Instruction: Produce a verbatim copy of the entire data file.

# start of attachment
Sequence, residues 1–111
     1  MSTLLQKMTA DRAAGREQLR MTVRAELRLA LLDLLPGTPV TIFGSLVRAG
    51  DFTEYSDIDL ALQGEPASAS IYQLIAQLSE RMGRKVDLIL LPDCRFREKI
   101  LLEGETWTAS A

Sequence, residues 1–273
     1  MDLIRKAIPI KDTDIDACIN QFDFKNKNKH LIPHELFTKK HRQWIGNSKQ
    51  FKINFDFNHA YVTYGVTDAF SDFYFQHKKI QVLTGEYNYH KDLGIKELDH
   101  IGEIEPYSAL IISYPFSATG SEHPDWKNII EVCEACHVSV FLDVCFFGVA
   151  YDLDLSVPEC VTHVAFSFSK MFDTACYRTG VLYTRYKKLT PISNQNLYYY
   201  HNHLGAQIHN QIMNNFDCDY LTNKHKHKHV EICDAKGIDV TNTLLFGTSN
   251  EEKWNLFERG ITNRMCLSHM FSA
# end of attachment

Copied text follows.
Sequence, residues 1–111
     1  MSTLLQKMTA DRAAGREQLR MTVRAELRLA LLDLLPGTPV TIFGSLVRAG
    51  DFTEYSDIDL ALQGEPASAS IYQLIAQLSE RMGRKVDLIL LPDCRFREKI
   101  LLEGETWTAS A

Sequence, residues 1–273
     1  MDLIRKAIPI KDTDIDACIN QFDFKNKNKH LIPHELFTKK HRQWIGNSKQ
    51  FKINFDFNHA YVTYGVTDAF SDFYFQHKKI QVLTGEYNYH KDLGIKELDH
   101  IGEIEPYSAL IISYPFSATG SEHPDWKNII EVCEACHVSV FLDVCFFGVA
   151  YDLDLSVPEC VTHVAFSFSK MFDTACYRTG VLYTRYKKLT PISNQNLYYY
   201  HNHLGAQIHN QIMNNFDCDY LTNKHKHKHV EICDAKGIDV TNTLLFGTSN
   251  EEKWNLFERG ITNRMCLSHM FSA